It’s never dull in Hull, so we’re told. Similarly, it’s never dull at Hull City. Unless you count the actual football, that is, which is so interminably dull it pains me to even think about it, let alone write about it. However, if only for historical posterity, I’ll have a go.
And where on earth do you start? From the defence to the attack, we are simply not good enough. Or are we? I rather think we are good enough to at the very least mount a credible play-off challenge. We’re not doing that at the moment, by the way. It is all rather reminiscent of last season, where we always mathematically close, without actually looking particularly likely.
This time around, we’re just a handful of points away from the promised land of seventh position in the Fourth Division (and if that doesn’t depress you, nothing will). Hell, we even got to within a single point following that marvellous win at Scunthorpe. And what happened yet another false dawn.
So, if we’re good enough, why aren’t we seventh, or higher? Tactics, maybe? Brian Little has a reputation as a cunning tactician, but I’d argue that he’s missed a couple of tricks so far this season. Playing Harper at left wing-back is a flawed plan. He cannot do it any more, if he ever could. His confidence is shot, his play a shadow of what it was. He should have been moved somewhere else on the pitch, or dropped. He is not yet a liability but he is not offering the sort of play someone with his talent (and pay-packet) should be.
Little should move him to right wing-back, where he would probably be more comfortable. Hopefully, when Neil Mann makes his long-awaited comeback, this will happen. Then, you must consider the wisdom of playing Mike Edwards at right wing-back. Edwards is a superb player, with many admirable qualities. However, attacking play is not one of them. He doesn’t make the right runs, or play the correct passes. No problem – with that he’s a centre-back, after all, but it is not fair to ask him to do something he patently cannot do. Like Harper, his confidence is clearly low, and his progress as a player is being harmed.
Then, the very tactics of the team must again be brought into question. It’s not a new debate, of course, but it remains a relevant one. 5-3-2 isn’t working. It didn’t work for Joyce, either. Little, from his days at Villa, West Brom and Stoke, is known to prefer 5-3-2. But it is not wise to employ this formation when it stifles the team at home, and invites pressure away. 4-4-2 is regarded as football’s natural formation, and quite rightly. It provides balance, a definitive shape and best of all, is second nature to most players. It seems quite bizarre to impose an alien formation on the players. Hopefully, when Mann returns, 4-4-2 will make a return, to Mann and Harper playing on the wings, and Whitmore and Brabin in the middle, and a proper flat back four. Well, you can but dream, can’t you?
But no, tactics are not the primary reason we’ve stuttered this season.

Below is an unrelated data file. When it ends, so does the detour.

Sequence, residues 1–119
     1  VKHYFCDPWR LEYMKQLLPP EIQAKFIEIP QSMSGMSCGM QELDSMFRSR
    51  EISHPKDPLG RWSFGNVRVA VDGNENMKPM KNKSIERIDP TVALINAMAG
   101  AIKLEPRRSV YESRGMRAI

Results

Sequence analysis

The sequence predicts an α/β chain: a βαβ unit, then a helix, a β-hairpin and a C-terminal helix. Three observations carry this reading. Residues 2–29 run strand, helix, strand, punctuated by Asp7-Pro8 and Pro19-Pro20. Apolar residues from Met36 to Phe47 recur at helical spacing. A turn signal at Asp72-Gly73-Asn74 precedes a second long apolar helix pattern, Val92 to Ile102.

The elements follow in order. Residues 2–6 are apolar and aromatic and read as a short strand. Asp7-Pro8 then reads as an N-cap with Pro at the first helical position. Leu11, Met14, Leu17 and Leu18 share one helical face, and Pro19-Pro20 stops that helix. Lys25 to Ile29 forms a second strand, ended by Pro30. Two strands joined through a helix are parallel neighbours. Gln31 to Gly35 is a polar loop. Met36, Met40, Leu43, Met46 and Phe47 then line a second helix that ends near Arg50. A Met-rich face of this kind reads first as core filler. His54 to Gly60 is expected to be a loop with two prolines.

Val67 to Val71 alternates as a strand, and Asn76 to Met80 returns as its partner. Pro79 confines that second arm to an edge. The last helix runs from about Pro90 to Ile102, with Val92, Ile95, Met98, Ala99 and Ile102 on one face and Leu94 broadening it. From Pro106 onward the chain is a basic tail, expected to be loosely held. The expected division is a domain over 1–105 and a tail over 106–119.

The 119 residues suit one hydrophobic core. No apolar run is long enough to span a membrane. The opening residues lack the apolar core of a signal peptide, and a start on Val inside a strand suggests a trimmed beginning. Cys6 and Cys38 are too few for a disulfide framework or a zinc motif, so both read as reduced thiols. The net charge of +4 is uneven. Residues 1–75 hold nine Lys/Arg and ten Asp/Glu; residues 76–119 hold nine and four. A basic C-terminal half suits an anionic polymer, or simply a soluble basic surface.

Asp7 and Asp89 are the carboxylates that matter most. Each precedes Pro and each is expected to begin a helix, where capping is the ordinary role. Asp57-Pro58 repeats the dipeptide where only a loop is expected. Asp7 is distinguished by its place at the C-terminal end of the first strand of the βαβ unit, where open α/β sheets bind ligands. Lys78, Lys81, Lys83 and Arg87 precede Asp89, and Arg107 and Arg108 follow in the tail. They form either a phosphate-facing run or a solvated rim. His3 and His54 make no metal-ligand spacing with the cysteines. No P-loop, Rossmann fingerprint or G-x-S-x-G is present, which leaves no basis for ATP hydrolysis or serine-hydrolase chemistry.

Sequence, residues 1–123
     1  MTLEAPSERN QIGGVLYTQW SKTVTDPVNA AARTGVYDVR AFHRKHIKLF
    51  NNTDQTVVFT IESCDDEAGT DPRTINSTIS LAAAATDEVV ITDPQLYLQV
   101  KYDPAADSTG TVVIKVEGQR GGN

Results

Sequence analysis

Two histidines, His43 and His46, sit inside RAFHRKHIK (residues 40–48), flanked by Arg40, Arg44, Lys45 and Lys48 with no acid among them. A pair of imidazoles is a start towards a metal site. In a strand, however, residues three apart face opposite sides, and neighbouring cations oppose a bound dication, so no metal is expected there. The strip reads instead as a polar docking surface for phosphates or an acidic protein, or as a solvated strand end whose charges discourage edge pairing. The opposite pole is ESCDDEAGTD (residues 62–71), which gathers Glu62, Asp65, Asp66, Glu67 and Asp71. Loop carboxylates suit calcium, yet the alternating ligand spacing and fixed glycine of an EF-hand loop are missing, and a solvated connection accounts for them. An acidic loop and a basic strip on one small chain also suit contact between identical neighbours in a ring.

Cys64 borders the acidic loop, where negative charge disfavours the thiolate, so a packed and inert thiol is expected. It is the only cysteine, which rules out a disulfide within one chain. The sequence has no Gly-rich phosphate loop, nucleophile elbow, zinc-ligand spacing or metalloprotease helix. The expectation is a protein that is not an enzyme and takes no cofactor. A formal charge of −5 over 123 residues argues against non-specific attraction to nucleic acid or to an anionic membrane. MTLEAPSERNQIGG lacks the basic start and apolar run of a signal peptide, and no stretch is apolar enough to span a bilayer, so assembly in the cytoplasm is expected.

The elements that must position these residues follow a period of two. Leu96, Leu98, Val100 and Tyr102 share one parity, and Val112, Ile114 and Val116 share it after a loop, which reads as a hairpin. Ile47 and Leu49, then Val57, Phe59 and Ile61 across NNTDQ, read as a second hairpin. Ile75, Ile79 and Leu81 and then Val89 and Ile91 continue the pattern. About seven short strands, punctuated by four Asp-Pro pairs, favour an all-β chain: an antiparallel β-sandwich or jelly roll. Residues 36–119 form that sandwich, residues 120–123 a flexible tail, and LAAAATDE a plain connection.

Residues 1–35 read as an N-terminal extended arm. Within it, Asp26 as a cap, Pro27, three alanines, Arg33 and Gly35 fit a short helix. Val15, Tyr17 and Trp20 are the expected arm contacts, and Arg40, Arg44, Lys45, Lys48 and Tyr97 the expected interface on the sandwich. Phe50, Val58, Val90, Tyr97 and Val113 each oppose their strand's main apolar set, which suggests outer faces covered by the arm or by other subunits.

The greatest share of any blame lies firmly upon the players. They have shown neither the guile nor the will to win often enough this season. Our tactics are perhaps not helping, but that does not excuse the sheer lack of effort on one or two occasions, most notably against Kettering and Chester.
There is nothing any manager can do about his players not playing properly, save for dropping them and with a squad as small as ours, even that option is not available. Irrespective of who you blame for our financial woes (for some reason, my mind keeps repeating the word ‘Sheffield’), Little simply does not have the option to ring the changes he clearly wants to. For better or worse, we are stuck with what we have.
However, irrespective of which formation our manager opts for, it would appear we have a new tactical option, with the arrival of Kevin Francis from Exeter. His assets are well-known – he’s bloody huge. He will hopefully provide Brown, Bradshaw or Eyre a bit of physical protection up front, giving them more room to do their thing, whatever that might be. However, you can’t help but worry what will happen. Will the defence take the easy option of lumping the ball up front? For that matter, will the midfield? Far easier to aim for Francis’ head than try a simple pass, after all. Will our intentions to play attractive football be sacrificed at the altar of results? No great loss, results are more important than pretty football, but nonetheless, you can’t help but worry.
Furthermore, how will the recent arrival of Rodney Rowe affect things? He has a reputation as a pacy, lively striker with good control and a sharp brain, though he is not noted for being prolific in front of goal. He has toured seemingly every lower league club in Yorkshire, with previous spells at Scarborough, Huddersfield, York and Halifax.
His arrival will bolster our option up front, and suddenly we seem to have a positive abundance of strikers. Brown, Eyre, Harris, Bradshaw, Wood, Francis and Rowe will all be vying for two places. Obviously, that probably spells the end for Harris and Wood, and places a question mark over Bradshaw having much involvement in the second half of the season.
However, with none of forwards in any sort of form, it is easy to see Little opting for Francis and Rowe up front, despite them both being new arrivals. A desperate last throw of the dice, or a master-stroke? Well, Little hasn’t let us down yet, you have to suspect he knows what he’s doing.